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December 30, 2020

Partner cannot claim benefit of section 44AD on interest and remuneration received from firm: Madras HC

by CA Shivam Jaiswal in Income Tax

Partner cannot claim benefit of section 44AD on interest and remuneration received from firm: Madras HC

Section 44AD of the Income Tax Act is a special provision for computing profits and gains of business on presumptive basis which was introduced in the Act with effect from 1993.

Sub-section (1) of Section 44AD states that in the case of an eligible assessee engaged in an eligible business, a sum equal to 8% of the total turnover or gross receipts of the assessee in the previous year on account of such business or, as the case may be, a sum higher than the aforesaid sum claimed to have been earned by the eligible assessee, shall be deemed to be the profits and gains of such business chargeable to tax under the head “Profits and gains of business or profession”.

Sub-section (2) of Section 44AD states that any deduction allowable under the provisions of sections 30 to 38 shall, for the purposes of sub-section (1), be deemed to have been already given full effect to and no further deduction under those sections shall be allowed.

The explanation found in section 44AD defines eligible assessee as well as the eligible business. Under clause (a) of the explanation which defines eligible assessee to mean an individual, Hindu undivided family or a firm who is a resident but not a limited liability partnership firm.

Eligible business has been defined in clause (b) to mean

  • any business except the business of plying, hiring or leasing goods carriages referred to in Section 44AE and
  • whose total turnover or gross receipts in the previous year does not exceed an amount of Rs. 2 Crores.

Let us refer to the case of Mr A Anandkumar Vs Assistant Commissioner of Income Tax where the issue under consideration was whether partner can claim benefit of section 44AD on interest & remuneration received from firm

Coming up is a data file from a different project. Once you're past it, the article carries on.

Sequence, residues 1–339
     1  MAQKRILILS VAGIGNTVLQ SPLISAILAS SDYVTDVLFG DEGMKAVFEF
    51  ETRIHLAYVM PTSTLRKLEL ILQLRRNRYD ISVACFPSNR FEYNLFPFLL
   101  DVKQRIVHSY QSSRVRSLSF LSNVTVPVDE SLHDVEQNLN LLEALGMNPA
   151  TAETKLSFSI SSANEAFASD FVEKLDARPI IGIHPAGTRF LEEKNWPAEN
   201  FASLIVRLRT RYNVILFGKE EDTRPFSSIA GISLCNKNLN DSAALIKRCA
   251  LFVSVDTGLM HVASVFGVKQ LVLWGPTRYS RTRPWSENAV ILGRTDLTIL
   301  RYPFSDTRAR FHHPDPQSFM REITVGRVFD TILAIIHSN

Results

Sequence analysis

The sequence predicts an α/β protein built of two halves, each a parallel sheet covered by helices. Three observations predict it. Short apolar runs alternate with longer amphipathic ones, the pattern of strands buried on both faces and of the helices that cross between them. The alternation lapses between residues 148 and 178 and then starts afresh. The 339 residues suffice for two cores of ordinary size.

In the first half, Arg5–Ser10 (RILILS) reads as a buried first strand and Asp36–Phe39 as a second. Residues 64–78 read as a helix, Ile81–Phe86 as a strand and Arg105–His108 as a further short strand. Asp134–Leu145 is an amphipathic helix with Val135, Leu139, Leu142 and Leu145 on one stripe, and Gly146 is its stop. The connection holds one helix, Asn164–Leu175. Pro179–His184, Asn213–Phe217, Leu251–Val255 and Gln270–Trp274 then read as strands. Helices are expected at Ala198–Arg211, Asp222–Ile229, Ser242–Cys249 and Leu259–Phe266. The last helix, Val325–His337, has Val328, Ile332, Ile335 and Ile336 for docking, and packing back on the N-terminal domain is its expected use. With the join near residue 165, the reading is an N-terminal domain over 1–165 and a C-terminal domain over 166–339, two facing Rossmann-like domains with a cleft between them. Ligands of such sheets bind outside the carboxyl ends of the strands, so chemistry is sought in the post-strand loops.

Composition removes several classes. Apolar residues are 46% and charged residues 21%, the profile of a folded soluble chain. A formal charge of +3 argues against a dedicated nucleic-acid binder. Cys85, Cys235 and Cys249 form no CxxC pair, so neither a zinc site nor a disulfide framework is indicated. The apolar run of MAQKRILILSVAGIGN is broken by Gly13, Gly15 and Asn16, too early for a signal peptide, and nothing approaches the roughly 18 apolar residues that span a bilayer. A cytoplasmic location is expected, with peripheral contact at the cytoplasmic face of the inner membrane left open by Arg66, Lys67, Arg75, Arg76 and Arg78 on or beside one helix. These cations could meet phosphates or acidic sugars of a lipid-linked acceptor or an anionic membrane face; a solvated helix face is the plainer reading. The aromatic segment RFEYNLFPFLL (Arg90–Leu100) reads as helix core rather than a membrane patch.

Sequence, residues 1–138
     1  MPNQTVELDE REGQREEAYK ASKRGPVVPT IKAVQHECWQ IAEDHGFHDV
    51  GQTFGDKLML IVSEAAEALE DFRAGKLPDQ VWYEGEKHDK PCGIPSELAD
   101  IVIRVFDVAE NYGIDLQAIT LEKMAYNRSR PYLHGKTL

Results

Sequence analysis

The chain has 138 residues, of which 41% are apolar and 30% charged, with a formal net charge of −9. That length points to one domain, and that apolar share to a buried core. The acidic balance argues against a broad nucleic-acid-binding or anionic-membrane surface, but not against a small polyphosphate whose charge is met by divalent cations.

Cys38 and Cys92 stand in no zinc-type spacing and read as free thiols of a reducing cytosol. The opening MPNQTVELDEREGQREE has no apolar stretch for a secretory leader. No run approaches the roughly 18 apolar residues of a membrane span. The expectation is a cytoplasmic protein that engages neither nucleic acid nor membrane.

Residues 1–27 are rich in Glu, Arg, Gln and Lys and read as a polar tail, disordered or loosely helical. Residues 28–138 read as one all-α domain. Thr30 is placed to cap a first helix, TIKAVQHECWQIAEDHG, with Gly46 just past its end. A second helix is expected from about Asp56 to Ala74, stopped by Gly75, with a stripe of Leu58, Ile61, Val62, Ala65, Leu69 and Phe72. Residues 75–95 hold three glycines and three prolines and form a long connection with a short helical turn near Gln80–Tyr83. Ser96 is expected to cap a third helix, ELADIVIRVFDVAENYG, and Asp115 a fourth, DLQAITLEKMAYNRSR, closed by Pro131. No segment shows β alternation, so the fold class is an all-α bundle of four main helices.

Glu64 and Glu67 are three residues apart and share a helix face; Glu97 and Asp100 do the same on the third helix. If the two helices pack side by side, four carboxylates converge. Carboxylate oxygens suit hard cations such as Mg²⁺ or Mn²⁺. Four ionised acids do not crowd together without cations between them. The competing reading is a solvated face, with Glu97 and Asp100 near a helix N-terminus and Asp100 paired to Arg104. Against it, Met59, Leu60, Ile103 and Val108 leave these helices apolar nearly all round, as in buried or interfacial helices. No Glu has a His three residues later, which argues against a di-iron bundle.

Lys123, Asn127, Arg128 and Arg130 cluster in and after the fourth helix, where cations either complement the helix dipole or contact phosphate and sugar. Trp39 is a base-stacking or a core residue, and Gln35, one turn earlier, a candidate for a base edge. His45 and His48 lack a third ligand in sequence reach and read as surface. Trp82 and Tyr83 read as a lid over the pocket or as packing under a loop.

Facts of the Case:

  • The assessee is an individual, a partner in M/s Kumbakonam Jewellers, M/s ANS Gupta & Sons and M/s ANS Gupta Jewellers.
  • The Assessing Officer (AO) disallowed the claim made by the assessee under section 44AD of the Act.
  • While filing the return of income, the assessee had applied the presumptive rate of tax at 8% under section 44AD and returned Rs. 4,68,240 as income from the remuneration and interest received from the partnership firm.
  • AO did not agree with the assessee and opined that Section 44AD was available only for an eligible assessee engaged in an eligible business and that the assessee was not carrying on business independently but only a partner in the firm.
  • Further the assessee did not have any turnover and receipts of account of remuneration and interest from the firms could not be construed as gross receipts mentioned in Section 44AD.
  • Aggrieved by the assessment order, the assessee filed an appeal before the Commissioner of Income-tax (Appeals) [CIT(A)].
  • The said appeal was dismissed by CIT(A).
  • Aggrieved by the same, the assessee preferred appeal before the Tribunal which was also dismissed.
  • Aggrieved with the order of the Tribunal, assessee filed and appeal before the High Court (HC)

Observations of HC on whether remuneration and interest could be treated as gross receipt or not

  • To avail the benefit of Section 44AD, the assessee should establish that he is an eligible assessee engaged in an eligible business and such business should have a total turnover or a gross receipt.
  • Admittedly, the assessee who was an individual in the instant case was not carrying on any business.